October 18, 2017

In this Issue:

  1. U.S. Health & Human Services Draft Strategic Plan FY 2018-22
      Source: U.S. Department of Health & Human Services (HHS)
  2. State Board Insight - Early Care and Education on the Radar
      Source: National Association of State Boards of Education (NASBE)
  3. Feature Matching of Apps for Students with Disabilities
      Source: Center on Technology and Disability
  4. NIH Funds Study for Newborns Affected by Opioids
      Source: National Institutes of Health (NIH)
  5. Bilingual Babies Listen to Language
      Source: Science Daily
  6. Child and Family Development Research
      Source: Office of Planning, Research and Evaluation (OPRE)
  7. Resilience - New Documentary about the Science of Adverse Childhood Experiences (ACEs)
      Source: KPJR Films (Producers: James Redford & Karen Pritzker)

1. U.S. Health & Human Services Draft Strategic Plan FY 2018-22

Source: U.S. Department of Health & Human Services (HHS)

The U.S. Department of Health & Human Service has shared its draft HHS strategic plan for fiscal years 2018-2022 to provide stakeholders an opportunity to comment. Specifically, Strategic Goal 3: Strengthen the Economic and Social Well-Being of Americans across the Lifespan includes the overseeing of programs that serve young children and their families. The due date for comments is October 27, 2017.

2. State Board Insight - Early Care and Education on the Radar

Source: National Association of State Boards of Education (NASBE)

The State Board Insight is a database that tracks all topics discussed by state boards of education on a monthly basis. The database was recently updated with 2017 data through September, and two topics addressed the most frequently over the summer were early care teacher shortages and early literacy.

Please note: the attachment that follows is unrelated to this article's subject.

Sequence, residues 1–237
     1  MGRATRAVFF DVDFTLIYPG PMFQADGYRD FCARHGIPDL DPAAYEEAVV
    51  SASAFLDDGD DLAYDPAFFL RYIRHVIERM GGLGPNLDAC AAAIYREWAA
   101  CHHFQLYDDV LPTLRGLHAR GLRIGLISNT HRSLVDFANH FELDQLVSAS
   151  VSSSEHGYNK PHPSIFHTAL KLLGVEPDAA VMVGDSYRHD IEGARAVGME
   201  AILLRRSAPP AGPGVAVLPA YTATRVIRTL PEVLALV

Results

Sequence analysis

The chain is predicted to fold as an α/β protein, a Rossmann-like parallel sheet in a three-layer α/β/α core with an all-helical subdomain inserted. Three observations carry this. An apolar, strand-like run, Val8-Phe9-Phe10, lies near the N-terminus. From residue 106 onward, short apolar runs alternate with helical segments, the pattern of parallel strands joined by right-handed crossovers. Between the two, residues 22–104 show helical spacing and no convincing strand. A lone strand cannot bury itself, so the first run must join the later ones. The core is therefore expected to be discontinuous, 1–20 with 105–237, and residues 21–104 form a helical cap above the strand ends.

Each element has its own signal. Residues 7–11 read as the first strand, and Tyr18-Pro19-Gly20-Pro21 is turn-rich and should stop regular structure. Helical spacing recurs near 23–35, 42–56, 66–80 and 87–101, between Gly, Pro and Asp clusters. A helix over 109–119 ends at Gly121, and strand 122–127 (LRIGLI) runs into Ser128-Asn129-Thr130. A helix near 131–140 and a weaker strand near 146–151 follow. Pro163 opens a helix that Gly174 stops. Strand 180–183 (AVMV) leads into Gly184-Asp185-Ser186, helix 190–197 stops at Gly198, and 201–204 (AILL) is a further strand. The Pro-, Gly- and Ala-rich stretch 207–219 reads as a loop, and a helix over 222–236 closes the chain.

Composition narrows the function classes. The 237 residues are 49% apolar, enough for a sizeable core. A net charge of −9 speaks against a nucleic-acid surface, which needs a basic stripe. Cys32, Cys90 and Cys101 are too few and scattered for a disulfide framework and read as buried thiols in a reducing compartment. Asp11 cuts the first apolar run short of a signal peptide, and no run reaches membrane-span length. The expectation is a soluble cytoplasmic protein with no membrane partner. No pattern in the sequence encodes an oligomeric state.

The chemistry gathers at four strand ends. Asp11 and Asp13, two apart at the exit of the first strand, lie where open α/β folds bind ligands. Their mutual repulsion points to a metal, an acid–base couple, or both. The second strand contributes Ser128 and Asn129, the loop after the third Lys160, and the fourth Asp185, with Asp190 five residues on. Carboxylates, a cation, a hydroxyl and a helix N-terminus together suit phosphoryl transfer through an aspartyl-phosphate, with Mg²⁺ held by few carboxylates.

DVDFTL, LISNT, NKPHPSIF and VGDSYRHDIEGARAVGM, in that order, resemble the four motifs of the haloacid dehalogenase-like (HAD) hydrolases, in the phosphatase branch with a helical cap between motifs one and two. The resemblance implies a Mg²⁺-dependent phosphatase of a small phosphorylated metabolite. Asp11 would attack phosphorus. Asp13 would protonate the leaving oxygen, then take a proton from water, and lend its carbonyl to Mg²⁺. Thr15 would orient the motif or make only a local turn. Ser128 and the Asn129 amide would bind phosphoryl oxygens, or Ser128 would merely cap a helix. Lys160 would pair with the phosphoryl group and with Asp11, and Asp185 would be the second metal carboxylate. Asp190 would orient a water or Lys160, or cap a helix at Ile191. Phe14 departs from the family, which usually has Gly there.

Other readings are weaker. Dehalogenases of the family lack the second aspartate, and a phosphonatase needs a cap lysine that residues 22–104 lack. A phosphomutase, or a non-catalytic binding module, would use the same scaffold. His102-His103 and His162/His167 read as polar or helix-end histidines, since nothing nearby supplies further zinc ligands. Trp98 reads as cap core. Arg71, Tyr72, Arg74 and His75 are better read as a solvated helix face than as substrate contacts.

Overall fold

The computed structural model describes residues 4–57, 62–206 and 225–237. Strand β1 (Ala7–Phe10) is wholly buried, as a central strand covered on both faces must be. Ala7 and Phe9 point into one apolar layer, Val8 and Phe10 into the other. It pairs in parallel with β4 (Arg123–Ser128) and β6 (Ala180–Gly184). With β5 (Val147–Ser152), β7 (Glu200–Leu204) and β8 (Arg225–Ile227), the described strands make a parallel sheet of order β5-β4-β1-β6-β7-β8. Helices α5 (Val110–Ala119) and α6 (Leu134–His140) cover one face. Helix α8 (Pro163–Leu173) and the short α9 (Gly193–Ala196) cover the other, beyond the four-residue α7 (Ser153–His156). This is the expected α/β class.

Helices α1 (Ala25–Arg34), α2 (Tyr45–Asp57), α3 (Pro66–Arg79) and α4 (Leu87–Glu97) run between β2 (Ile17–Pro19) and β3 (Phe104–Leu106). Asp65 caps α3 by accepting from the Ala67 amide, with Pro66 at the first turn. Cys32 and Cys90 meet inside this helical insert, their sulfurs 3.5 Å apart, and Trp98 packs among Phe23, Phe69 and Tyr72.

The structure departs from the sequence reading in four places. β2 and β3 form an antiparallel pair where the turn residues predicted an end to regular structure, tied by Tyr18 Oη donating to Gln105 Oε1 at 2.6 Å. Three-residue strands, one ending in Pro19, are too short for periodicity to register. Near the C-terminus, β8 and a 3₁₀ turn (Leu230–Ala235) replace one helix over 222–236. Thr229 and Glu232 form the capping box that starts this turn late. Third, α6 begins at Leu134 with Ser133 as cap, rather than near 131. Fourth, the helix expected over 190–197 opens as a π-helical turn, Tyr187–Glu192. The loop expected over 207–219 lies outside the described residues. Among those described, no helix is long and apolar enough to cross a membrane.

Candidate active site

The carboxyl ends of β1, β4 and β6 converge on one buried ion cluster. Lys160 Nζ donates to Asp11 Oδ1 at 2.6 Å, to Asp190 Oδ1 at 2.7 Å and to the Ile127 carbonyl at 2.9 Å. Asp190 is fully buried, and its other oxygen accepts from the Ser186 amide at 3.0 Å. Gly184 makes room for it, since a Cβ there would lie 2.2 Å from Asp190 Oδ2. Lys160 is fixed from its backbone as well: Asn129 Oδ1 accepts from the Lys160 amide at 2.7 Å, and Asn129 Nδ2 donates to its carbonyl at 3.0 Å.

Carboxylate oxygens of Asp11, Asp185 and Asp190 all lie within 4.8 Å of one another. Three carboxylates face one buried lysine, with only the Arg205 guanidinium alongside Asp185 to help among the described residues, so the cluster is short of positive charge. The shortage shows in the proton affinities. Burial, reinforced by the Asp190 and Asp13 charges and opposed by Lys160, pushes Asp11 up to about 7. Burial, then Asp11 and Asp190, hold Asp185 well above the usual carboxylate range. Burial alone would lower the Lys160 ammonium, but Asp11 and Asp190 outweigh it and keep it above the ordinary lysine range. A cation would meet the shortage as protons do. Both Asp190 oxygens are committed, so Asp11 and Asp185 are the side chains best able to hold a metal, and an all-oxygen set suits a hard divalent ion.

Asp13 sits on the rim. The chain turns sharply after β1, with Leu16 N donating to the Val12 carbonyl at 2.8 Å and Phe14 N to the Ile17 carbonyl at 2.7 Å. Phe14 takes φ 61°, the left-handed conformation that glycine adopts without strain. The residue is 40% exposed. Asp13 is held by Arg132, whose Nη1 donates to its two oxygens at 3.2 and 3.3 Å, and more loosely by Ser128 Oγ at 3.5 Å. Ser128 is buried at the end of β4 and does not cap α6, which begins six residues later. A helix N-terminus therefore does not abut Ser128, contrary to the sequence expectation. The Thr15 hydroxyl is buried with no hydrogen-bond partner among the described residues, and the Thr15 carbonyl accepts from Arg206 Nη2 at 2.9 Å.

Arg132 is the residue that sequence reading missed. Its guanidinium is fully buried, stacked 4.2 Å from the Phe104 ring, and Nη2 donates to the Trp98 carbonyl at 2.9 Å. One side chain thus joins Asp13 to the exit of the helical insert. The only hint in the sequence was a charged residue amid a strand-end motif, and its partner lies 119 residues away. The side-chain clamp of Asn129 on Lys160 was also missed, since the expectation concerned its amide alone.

3. Feature Matching of Apps for Students with Disabilities

Source: Center on Technology and Disability

App recommendations for students with disabilities is on the rise, but it is challenging to determine which apps will best meet the needs of the student. The Center on Technology and Disability is offering educators and practitioners a free webinar to address this on Wednesday, October 25th, 2017 from 4-5 pm EDT.

4. NIH Funds Study for Newborns Affected by Opioids

Source: National Institutes of Health (NIH)

A press release (October 2017) from the National Institutes of Health states its decision to fund a new study to evaluate treatment options for newborns with opioid withdrawal syndrome, a condition caused by exposure to opioids during pregnancy. The study, called Advancing Clinical Trials in Neonatal Opioid Withdrawal Syndrome (ACT NOW), aims to inform clinical care of these infants. ACT NOW is funded by NIH's Eunice Kennedy Shriver National Institute of Child Health and Human Development (NICHD) and the NIH Office of the Director's Environmental Influences on Child Health Outcomes (ECHO) Program.

5. Bilingual Babies Listen to Language

Source: Science Daily

A recent research study from Princeton University (August 7, 2017) found that bilingual infants can process dual languages quickly and correctly as early as 20 months of age just by listening. The study also revealed that infants can quickly detect when the language is switched in mid-sentence, called "code switches", as regularly experienced in bilingual communities; and "toddlers naturally activate the vocabulary of the language that is being used in any particular setting."

Reference: Byers-Heinlein, K., Morin-Lessard, E., & Lew-Williams, C. (2017). Bilingual infants control their languages as they listen. Proc Natl Acad Sci U S A, 114(34).

6. Child and Family Development Research

Source: Office of Planning, Research and Evaluation (OPRE)

This August 2017 OPRE report describes major research and evaluation projects undertaken by its Division of Child and Family Development in 2016. A list of links to all the projects and reports is included on pages 23-26.

7. Resilience - New Documentary about the Science of Adverse Childhood Experiences (ACEs)

Source: KPJR Films (Producers: James Redford & Karen Pritzker)

Resilience: The Biology of Stress & The Science of Hope is a new documentary that explores the science of Adverse Childhood Experiences (ACEs) and a new movement to treat and prevent toxic stress to improve the lives of children, especially those living in poor communities. The documentary emerged from the Adverse Childhood Experiences Study, initiated by the Centers for Disease Control and Prevention and Kaiser Permanente in the late 1990s.